On a cold November evening, I sat at the desk in my bedroom and stared anxiously out the window.
Days before, I had officially been offered a job I wanted but, the salary was below my expectation.
The company wanted a decision ASAP.
Of course, I searched Google for tips to negotiate my salary. However, while the advice on the web was helpful, it was impersonal, and I still felt uncertain about navigating my negotiation.
I ultimately wished I could talk to someone who had negotiated their salary a hundred times before. Someone who could answer my questions; walk me through how a negotiation typically went, and honestly, I wanted help finding the words to ask for (and get) the salary I expected.
Feeling desperate, I sent an email to Rob Hines – the Executive Director at the time of my alma mater’s career center.
Rob responded to my email within hours. He arranged a phone call. During that call, he helped me prepare a conversation that got me $10,000 more annually than initially offered.
According to a LinkedIn February 2021 survey, 40% of women have never negotiated their salary when accepting a new job (while 76% of men have), and almost half (49%) haven’t negotiated with their company while employed there (while 71% of men have).
Those numbers aren’t great.
I asked Rob for permission to share what we discussed in that phone call so that more women could have access to this knowledge. He agreed.
In addition, I asked Andrew McCaskill, LinkedIn’s Sr. Director of Global Communications and Career Expert to contribute more insight and tips to the conversation. He jumped on board.
This guide to negotiating your salary is part personal account, and part expert advice. It’s packed with formulaic steps you can follow to get negotiating, links to support you further, and words you can use to have a successful conversation – all tried, tested, and true.
Preparing to Negotiate
Step 1: Find out what other people in similar roles are being paid
I learned from Rob, that the conversation that is going to get you more money is one that is grounded in facts. You need to know what the current rates are for your role in your industry and geographic location.
“Know what the low end of the industry is getting, what the middle of the industry is getting, and what the most experienced person in your job is getting. That will tell you the salary range that you should be getting or that you should be aiming within,” says Rob.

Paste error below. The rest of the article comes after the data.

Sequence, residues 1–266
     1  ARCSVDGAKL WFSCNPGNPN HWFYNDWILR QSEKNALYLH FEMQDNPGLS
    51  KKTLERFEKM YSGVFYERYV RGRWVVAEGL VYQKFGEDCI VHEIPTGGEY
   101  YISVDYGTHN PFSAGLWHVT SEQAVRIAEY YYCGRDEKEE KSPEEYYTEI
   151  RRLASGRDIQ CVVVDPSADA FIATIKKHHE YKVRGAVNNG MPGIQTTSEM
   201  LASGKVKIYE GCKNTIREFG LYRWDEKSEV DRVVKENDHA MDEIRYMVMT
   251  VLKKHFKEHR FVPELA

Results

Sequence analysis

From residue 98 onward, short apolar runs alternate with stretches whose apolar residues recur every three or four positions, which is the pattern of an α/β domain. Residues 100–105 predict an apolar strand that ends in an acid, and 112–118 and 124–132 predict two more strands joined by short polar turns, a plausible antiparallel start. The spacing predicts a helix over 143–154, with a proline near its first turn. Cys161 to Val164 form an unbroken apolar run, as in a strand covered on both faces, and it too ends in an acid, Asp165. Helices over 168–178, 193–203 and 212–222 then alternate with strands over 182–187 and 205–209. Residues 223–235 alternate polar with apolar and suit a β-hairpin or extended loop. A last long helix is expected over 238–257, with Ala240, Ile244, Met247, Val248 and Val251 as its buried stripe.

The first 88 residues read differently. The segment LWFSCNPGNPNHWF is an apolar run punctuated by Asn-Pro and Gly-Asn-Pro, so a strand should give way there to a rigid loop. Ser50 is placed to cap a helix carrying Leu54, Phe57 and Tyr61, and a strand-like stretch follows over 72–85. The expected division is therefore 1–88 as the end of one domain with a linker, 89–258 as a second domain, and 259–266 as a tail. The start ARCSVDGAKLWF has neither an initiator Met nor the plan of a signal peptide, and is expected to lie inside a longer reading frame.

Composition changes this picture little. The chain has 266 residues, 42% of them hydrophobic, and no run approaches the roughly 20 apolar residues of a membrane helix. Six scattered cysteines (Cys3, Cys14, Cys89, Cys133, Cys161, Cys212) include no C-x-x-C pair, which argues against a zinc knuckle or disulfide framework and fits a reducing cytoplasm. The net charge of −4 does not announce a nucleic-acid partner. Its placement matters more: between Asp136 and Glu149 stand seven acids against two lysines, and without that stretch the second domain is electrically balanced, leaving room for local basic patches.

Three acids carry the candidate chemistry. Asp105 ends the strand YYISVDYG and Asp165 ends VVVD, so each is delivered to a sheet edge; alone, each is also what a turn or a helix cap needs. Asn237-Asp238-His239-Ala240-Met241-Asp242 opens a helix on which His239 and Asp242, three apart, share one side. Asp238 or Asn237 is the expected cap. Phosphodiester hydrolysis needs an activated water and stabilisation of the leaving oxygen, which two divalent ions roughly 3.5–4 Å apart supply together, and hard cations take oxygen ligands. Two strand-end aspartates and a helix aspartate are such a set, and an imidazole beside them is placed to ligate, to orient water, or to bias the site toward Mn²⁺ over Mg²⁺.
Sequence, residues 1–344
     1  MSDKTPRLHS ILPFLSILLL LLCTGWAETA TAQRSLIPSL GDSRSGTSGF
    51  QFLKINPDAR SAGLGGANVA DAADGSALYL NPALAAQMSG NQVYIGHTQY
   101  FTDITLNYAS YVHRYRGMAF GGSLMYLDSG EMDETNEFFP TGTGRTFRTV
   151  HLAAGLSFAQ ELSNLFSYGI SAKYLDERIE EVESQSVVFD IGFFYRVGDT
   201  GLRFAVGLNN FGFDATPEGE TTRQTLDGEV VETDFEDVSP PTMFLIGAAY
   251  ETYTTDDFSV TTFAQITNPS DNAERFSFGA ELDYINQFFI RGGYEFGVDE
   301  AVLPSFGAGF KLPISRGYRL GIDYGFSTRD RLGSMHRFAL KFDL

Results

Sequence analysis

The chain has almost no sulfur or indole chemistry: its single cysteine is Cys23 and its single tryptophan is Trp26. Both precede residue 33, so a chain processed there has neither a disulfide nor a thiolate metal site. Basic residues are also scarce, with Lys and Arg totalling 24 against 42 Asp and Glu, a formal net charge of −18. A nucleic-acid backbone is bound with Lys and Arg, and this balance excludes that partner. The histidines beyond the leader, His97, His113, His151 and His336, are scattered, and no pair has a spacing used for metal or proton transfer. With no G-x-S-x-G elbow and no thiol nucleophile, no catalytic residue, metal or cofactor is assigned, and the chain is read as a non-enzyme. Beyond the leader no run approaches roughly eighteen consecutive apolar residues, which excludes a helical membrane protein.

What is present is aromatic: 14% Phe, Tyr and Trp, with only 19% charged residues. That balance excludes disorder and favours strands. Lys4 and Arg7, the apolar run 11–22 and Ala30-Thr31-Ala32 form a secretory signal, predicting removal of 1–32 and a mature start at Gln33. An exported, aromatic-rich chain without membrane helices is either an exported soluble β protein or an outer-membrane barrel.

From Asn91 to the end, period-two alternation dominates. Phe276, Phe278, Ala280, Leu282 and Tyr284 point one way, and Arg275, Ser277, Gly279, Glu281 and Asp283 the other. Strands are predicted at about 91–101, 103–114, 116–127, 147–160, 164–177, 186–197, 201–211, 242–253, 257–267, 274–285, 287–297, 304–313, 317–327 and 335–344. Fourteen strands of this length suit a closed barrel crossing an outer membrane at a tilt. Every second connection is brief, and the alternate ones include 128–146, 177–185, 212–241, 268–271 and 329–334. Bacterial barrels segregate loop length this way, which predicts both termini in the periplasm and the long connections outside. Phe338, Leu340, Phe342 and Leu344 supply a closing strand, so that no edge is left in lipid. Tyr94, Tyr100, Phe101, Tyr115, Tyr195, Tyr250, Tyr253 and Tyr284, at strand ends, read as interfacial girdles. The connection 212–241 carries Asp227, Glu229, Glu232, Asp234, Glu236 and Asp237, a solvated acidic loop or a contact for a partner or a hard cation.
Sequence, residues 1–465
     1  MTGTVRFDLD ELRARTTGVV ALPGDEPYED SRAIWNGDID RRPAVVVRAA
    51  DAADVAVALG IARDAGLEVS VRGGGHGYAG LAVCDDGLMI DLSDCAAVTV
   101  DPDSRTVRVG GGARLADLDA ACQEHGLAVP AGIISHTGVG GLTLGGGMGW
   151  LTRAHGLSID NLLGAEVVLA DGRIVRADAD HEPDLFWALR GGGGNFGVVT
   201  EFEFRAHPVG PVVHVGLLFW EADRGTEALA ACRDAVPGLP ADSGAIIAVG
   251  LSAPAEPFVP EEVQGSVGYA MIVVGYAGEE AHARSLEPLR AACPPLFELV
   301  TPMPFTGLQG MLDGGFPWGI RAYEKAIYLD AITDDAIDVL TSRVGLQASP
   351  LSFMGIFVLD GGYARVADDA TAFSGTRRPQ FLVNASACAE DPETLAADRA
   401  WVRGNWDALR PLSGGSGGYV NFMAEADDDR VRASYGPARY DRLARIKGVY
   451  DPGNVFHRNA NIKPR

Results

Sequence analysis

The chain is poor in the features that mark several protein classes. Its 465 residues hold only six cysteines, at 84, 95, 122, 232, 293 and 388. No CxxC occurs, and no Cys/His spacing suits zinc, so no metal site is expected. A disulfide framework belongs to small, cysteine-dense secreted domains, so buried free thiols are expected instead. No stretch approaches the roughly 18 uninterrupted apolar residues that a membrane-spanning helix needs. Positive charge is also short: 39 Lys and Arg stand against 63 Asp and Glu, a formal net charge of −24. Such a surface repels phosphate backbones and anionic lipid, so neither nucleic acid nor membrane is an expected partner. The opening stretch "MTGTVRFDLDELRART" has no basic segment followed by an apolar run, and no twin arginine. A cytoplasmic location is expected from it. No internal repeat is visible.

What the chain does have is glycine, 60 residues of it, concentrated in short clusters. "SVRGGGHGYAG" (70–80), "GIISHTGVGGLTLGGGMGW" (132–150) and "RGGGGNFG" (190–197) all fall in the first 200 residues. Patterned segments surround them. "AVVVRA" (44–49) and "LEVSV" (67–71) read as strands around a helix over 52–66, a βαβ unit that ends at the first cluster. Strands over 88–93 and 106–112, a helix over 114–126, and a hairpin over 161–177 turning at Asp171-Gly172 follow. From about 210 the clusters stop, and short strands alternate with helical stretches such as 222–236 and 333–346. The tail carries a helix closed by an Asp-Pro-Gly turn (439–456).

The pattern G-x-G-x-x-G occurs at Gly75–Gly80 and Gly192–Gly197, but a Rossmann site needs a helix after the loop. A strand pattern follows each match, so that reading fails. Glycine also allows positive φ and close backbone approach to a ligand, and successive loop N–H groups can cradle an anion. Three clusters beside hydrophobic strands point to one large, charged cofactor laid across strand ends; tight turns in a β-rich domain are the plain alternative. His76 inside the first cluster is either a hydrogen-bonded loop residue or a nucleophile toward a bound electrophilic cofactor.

If you know somebody that’s working in your industry, and you can reach out to them and ask what they’re making, Rob says to bite the bullet and do it. “If they’re willing to tell you, it works towards your advantage”.
If you don’t have the luxury of asking someone, you can also look for the information on websites like Glassdoor.com, ziprecruiter.com, or indeed.com.
I pieced together the industry salary range for my role by entering my job title, industry, and then setting the location on Zip Recruiter and Indeed. Job postings that came up in my search listed compensations. Wading through these posts I found on average, that the lowest wage for my role was around 52,000 a year, the mid-range salary was around 86,000, and the highest salary I saw was about 102,000 a year.
Andrew says that LinkedIn Salary is also a great resource to learn more about salaries specific to your job.
“You can view what members earn on average for a specific role and city, broken down by base salary, total compensation, and additional compensation like bonuses. You can also dive into insights at a company level.”
I tested LinkedIn Salary after Andrew shared the resource, and it was in line with what I saw on Zip Recruiter and Indeed. I liked the addition of being able to see if someone had reported additional compensations as part of their package like shares in the company.
Step 2: Note down your accomplishments & accolades
In addition to knowing the industry salary range, Andrew says it’s important to have personal data about your performance.
He advises going to a salary negotiation with proof points as to why you deserve a pay bump, “like an increase in company sales tied to your work, or any outstanding praise or projects you completed that year, etc.”
Step 3: Check your mindset
Another tip that Rob shared was about checking your mindset. “I always tell people to be completely mercenary i.e out for your interest.”
Rob encourages going into a negotiation thinking aggressively, but also with the mindset that you’re going to take the job while you look for another job if they don’t meet you halfway.
“Ironically, it’s so much easier to move from one job to another job. I don’t know what it is, but it seems to persist.”
When it comes to mindset, Andrew says, “For anyone asking for a raise, being denied can be hard on many levels, so knowing what you’ll do if you get a “no” or “not right now” is critical to determine before going into the conversation and will help you to move forward during the negotiation process.”
How to bring up the subject
Step 4: Decide on in-person or via email
Personally, I don’t love having these conversations in IRL. But I wondered if sending an email would do me a disservice. I shared that with Rob.
“If you’re not comfortable, or if you feel it’s a little confrontational, it’s quite alright to write a super diplomatic email,” he says.
However, Andrew suggests, if possible, to book a time with your manager where you can talk live. “And clearly state that the objective of your meeting request is to present your case for a salary review.”